This is an excerpt from EERE Network News, a weekly electronic newsletter.

September 28, 2005

Netherlands' Nuon Solar Team Leads the World Solar Challenge


Photo of the Nuna 3, a very low, flat, rectangular car, its top covered with solar cells, on a road with flat dry grasslands in the background.

The Nuon Solar Team's "Nuna 3" on the road in Australia.
Credit: Nuon Solar Team

The Nuon Solar Team from the Netherlands has taken a commanding lead in the World Solar Challenge, a 1,870-mile solar race down the center of the Australian continent. On Tuesday, after three days of racing, the team's car, the "Nuna 3," was at Glendambo, a little more than 300 miles from Adelaide. Australia's Aurora Vehicle Association trails about 100 miles behind the Nuna 3, followed closely by the University of Michigan's "Momentum" and Ashiya University of Japan's "Sky Ace Tiga," in a tight battle for second, third, and fourth place. If the Nuon team continues to hold the lead, it will be their third consecutive win. In 2003, the team set a record time of 30 hours and 54 minutes, for an average speed of about 60 miles per hour. Since the race may already be decided by the time you read this, see the latest standings and reports from the road in the "On the Road" section of the World Solar Challenge Web site.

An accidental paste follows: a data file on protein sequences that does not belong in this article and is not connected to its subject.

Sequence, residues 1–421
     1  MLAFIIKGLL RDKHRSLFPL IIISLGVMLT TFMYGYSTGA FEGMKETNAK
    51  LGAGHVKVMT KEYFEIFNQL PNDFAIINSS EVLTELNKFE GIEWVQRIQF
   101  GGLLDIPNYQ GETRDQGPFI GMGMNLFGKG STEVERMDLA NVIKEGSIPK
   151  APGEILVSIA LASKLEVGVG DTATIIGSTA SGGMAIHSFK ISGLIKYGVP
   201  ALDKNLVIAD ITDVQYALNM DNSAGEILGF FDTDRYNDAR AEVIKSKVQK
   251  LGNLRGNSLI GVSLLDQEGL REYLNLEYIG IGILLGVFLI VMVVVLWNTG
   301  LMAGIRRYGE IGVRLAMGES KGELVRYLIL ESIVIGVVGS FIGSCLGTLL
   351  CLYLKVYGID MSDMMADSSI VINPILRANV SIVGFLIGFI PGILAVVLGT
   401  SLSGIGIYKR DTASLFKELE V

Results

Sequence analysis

A total of 22 teams from 10 countries are currently in the race, including three teams from the United States. Probably the most dramatic event in the race occurred during the qualifying rounds, when a wheel failed on the vehicle from the Massachusetts Institute of Technology, causing it to flip over. Fortunately, the driver walked away with only a sprained wrist, and the team was able to fix the vehicle and remain in the race. See MIT's Web page and the September 24th entry in the University of Calgary's Weblog, both of which are posted on the World Solar Challenge Web site.

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